University of British Columbia law school students will have the chance to combine surfing with their studies as the university establishes a new joint program with the University of Hawaii.
“The idea is simply to expand the opportunities for our students,” says Claire Young, the senior associate dean at UBC’s law school.
The program, the product of an agreement signed in mid-July, will allow students at the two universities to graduate with law degrees recognized in both Canada and the United States.
In doing so, students will spend four years in school, something that would otherwise take six years of study were they to complete the degrees separately.
“It’s two years in each place,” says Young, noting UBC students will do the first half of their studies in Vancouver before heading to the University of Hawaii at Manoa’s William S. Richardson School of Law for their final two years.
The rationale, she adds, is to acknowledge the fact that with many legal transactions taking place across borders, the ability to practise in multiple jurisdictions is becoming increasingly important.
A few other Canadian law schools have already gone down similar routes, but this is the first time for UBC.
“It’s not a brand new thing, but for us we’ve been waiting to find the right partner,” says Young.
As for the University of Hawaii, the fact that it has a significant focus on compatible areas, such as indigenous studies and environmental law, was key. As well, the geographic connection between the two Pacific jurisdictions played a role.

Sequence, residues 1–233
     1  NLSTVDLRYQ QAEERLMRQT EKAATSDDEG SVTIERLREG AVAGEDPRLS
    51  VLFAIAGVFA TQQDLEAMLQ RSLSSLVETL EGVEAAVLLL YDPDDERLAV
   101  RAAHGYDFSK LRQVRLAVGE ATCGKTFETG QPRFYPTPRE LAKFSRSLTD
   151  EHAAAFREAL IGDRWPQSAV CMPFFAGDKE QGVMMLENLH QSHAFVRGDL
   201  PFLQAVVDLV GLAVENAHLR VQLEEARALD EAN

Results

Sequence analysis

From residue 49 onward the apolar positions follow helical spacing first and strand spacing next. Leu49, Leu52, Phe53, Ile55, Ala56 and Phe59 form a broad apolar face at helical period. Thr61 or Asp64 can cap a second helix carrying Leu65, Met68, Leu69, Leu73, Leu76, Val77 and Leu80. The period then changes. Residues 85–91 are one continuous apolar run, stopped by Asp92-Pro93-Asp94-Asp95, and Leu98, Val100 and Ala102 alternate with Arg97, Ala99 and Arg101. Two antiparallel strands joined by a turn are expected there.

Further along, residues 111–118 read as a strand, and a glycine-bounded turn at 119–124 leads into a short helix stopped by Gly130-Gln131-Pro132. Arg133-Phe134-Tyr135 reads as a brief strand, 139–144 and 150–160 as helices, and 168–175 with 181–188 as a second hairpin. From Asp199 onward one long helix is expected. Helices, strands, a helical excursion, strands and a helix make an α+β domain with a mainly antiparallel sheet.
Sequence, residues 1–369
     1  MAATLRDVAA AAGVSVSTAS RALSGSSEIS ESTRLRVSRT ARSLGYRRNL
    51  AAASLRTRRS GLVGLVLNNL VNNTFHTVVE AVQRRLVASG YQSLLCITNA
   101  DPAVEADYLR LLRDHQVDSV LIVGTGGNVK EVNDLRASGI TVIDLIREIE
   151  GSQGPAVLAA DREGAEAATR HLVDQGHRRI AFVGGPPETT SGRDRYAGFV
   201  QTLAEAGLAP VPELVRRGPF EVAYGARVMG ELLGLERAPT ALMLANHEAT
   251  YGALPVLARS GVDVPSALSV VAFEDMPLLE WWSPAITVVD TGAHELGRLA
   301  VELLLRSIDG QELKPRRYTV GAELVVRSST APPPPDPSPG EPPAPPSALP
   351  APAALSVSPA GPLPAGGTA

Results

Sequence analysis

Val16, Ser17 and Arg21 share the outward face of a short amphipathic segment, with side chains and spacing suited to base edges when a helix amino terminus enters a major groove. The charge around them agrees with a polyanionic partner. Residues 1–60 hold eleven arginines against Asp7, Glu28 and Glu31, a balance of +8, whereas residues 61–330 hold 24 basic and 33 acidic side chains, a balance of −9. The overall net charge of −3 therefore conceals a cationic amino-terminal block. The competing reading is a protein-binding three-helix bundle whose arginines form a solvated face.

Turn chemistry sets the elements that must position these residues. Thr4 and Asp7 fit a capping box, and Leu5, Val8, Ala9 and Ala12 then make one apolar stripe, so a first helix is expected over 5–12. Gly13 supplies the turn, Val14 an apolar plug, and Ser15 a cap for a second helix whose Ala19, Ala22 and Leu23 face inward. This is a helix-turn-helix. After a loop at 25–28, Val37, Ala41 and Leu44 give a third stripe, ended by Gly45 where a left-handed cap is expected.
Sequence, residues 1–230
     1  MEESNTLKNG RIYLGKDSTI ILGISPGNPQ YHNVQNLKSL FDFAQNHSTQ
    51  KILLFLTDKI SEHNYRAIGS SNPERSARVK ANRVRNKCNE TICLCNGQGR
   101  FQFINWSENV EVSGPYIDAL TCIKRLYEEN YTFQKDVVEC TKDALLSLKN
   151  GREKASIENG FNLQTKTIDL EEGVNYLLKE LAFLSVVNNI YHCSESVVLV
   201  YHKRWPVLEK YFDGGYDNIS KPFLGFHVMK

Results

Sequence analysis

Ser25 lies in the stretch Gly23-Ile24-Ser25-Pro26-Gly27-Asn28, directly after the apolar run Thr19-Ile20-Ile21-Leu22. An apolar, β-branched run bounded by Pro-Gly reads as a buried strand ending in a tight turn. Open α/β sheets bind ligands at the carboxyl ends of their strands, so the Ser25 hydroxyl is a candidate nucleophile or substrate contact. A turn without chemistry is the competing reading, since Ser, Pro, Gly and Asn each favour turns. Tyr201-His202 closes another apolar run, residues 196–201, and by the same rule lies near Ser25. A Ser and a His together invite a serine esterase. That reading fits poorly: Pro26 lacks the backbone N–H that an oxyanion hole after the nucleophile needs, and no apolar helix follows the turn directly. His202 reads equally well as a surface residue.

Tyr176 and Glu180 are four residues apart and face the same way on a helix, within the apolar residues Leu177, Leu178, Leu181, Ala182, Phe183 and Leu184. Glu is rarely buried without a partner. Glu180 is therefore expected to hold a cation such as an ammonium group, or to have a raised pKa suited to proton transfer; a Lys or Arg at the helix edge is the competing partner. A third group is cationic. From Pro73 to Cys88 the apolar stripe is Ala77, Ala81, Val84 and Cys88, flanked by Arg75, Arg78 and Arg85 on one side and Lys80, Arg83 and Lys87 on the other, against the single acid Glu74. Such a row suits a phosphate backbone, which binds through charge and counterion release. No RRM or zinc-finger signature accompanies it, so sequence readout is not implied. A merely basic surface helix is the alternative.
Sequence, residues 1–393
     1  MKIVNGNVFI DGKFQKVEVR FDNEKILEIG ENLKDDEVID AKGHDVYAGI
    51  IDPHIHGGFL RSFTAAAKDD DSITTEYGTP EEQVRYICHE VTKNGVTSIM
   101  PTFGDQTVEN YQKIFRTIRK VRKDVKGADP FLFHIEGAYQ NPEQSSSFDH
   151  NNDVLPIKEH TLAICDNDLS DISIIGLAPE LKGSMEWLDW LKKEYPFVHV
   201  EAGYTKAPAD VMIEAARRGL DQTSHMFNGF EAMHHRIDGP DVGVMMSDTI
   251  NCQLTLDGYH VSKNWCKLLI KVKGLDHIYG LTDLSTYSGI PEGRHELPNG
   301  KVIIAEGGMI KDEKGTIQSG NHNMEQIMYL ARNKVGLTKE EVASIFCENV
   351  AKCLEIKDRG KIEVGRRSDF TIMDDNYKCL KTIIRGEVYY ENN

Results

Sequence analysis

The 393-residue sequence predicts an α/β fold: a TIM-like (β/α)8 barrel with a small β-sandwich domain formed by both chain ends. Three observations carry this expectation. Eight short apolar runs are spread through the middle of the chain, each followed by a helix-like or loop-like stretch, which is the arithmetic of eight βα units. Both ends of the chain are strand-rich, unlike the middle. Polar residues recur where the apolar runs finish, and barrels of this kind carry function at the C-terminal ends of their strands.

Under the program, each school will accept up to five students a year starting in the fall of 2010.
To get in, second-year students who have completed their first semester can apply in January to the counterpart university for admission in their third year. Each school will base its decisions on its own criteria, and students will pay tuition at the school they’re actually attending.
Direct comparisons of fees at the two schools weren’t available, but what is clear is that tuition in Hawaii is higher. There, Hawaii residents pay US$7,596 per semester this year, a number that rises to $14,088 for non-residents. Next year, when UBC students start attending the William S. Richardson institution, tuition will increase to $7,980 and $15,012 respectively. At UBC, meanwhile, law students are paying $9,937 for the current academic year.
Nevertheless, Young points out that as a public institution, the University of Hawaii has much lower fees than many U.S. private schools. And, of course, she points out the benefits of the program, something she calls “an exciting opportunity” for students.
“[University of Hawaii] is a very highly regarded U.S. law school,” she says.